It was the sad memory of Christmas that made my mom, Lulu, then a young woman in 1947, walk around the Escolta, Manila’s shopping mecca at the time. World War II had ended. It was liberation in Manila. Lulu hoped to find solace in the tinsel and glitter at the stores. As jolly carols resonated from nearby, Lulu checked the crisp 50-peso bill she had, a gift from an American serviceman given in gratitude. During the war, she was helping American and Filipino soldiers who survived the Bataan Death March by bringing medicine to soldiers in concentration camps. Her own brother Willie was incarcerated and survived the ordeal.
Lulu did not feel right about spending the money on herself. The country was recovering from the war, and people had lost family and property. She wanted to make sure the money went to something important.
Suddenly, she stopped in her tracks. She saw a family staring longingly at a brightly decorated window. The mother looked tired. The nine children of different ages, obviously hers, peered into the store display. They were dressed simply, a sharp contrast to the smartly dressed shoppers bustling about, carrying brightly wrapped packages. Something about this family made Lulu sense they were not buying. They were just looking. An idea lit in her heart. Lulu approached the family.
"Ma'am, are these your children?" Lulu smiled at the woman. After exchanging pleasantries, Lulu found out the woman was a widow. A sympathetic chord struck Lulu's soul. The woman reminded her of her own widowed mama; the children brought back images of herself and her brothers when they were little. There were sad holidays when funds were scarce and her mama had to find creative ways to stretch the budget to give the family a happy Christmas.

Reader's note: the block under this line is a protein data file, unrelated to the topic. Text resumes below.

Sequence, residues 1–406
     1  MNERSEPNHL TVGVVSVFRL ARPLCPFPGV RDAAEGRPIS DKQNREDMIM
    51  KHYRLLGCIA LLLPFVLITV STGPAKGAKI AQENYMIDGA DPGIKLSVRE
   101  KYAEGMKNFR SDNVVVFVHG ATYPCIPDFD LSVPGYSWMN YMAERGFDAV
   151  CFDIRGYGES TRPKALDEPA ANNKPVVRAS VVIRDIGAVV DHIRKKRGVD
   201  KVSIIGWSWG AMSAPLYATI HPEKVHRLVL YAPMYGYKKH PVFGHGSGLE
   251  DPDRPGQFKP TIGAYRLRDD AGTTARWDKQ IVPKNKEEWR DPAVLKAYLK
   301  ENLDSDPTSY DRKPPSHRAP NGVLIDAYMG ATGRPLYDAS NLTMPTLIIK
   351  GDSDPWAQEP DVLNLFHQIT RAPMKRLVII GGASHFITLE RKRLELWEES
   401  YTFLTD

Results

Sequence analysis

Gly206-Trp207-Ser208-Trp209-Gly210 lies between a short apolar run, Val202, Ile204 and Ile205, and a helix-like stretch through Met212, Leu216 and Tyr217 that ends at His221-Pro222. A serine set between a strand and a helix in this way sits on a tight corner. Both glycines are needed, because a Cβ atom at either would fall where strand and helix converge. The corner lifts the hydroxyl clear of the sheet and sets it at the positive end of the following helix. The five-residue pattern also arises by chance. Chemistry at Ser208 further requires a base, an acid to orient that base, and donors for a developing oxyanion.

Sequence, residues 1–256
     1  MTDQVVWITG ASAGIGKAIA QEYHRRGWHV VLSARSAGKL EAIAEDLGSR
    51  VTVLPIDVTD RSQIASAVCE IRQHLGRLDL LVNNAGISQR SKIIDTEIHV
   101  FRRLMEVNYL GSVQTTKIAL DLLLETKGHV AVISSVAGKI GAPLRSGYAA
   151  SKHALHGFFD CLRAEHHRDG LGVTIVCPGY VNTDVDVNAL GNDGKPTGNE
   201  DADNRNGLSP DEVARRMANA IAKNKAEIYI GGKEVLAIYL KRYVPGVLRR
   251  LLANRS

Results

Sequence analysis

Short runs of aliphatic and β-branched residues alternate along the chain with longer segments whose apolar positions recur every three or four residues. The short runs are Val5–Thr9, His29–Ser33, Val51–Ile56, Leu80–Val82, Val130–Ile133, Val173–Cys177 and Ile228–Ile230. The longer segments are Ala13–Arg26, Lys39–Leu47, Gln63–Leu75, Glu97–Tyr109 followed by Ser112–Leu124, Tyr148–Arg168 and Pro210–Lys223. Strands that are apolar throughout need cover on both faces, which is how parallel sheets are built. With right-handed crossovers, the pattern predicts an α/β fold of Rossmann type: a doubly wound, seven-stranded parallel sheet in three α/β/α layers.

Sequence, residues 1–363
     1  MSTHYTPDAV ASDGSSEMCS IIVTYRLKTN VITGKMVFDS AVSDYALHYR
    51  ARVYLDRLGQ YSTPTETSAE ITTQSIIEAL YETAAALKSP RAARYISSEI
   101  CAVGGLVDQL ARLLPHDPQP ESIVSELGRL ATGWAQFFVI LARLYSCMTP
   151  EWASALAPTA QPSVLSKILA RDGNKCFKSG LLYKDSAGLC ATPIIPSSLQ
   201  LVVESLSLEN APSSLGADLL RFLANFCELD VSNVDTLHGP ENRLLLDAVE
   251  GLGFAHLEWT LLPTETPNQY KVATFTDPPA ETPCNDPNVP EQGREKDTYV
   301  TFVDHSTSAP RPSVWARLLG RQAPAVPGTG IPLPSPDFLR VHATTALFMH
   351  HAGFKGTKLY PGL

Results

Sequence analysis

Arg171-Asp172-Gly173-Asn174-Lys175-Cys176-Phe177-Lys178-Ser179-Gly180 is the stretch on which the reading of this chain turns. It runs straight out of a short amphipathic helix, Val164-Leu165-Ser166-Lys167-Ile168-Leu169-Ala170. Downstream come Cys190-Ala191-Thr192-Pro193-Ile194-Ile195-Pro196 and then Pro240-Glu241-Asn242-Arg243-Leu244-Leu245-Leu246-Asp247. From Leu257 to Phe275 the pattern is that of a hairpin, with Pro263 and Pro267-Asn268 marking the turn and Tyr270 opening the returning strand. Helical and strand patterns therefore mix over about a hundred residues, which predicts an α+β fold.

Lulu then decided the 50-peso bill belonged to this woman and her family. She handed it to the widow. "This was given to me by an American officer in gratitude for the charity work I did for prisoners in concentration camps. I want you and your children to have it. Merry Christmas," Lulu told her.
The woman and her children were overjoyed. Lulu's heart leapt at the happiness she gave this family. She then hurried along to make it in time for Christmas Eve Mass with her mother and brothers.
Every Christmas my mom, Lulu, shared this story with us. Though she was simply Mom to me, to others, Lulu Reyes Besa was one of the most outstanding women of her time. She was awarded the Medal of Freedom by the United States in 1947 and cited by Major General Moore as "one of the outstanding heroines of WWII." As president of the Chaplains’ Aid Association from 1942-45, Lulu Reyes headed the Crusades of Charity, bringing medicine to POWs in concentration camps.
In 1946, Lulu became co-founder (along with Miss Baby Quezon) and president of the YLAC, Young Ladies Association of Charity. They built free elementary schools around the Philippines with religion an integral subject. She received the Ateneo Ozanam Award in 1953 for her Catholic Social Action achievements.
In 1958, Lulu helped founders and the Redemptorists priests raise money to build the National Shrine of Our Perpetual Help in Baclaran. She received the Fleur de Lis Award from her alma mater St. Paul College of Manila (now SPU) for civic service. She was also a recipient of the Papal Award Pro Ecclesia for her religious work.
Lulu later found out the widowed mother she helped that Christmas Eve of 1947 was Pelagia Villaflor Soliven. One of Pelagia’s sons was Max Soliven, who became one of the most influential Philippine journalists. He wrote his version of this story in his column. When Mom died in 1981, Mr. Soliven reprinted the story of the 50-peso gift in his Christmas column.
The Ozanam award Lulu Reyes received from the Ateneo de Manila described her best: “So let your light shine before men, that they may see your good works and glorify your Father in heaven.”
Mom is gone now but her Christmas story moves me to tears every holiday. Her memory shines brightly in my heart. She gave happiness that Christmas of 1947 to one special family.
Elizabeth Ann Quirino, based in New Jersey, is a journalist, food writer and member of the International Association of Culinary Professionals (IACP). She blogs about Filipino home cooking and culinary travels to the Philippines on her site AsianInAmericamag.com.
More articles by Elizabeth Ann Quirino:
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Bank Exec Nina Aguas: Woman Of Influence
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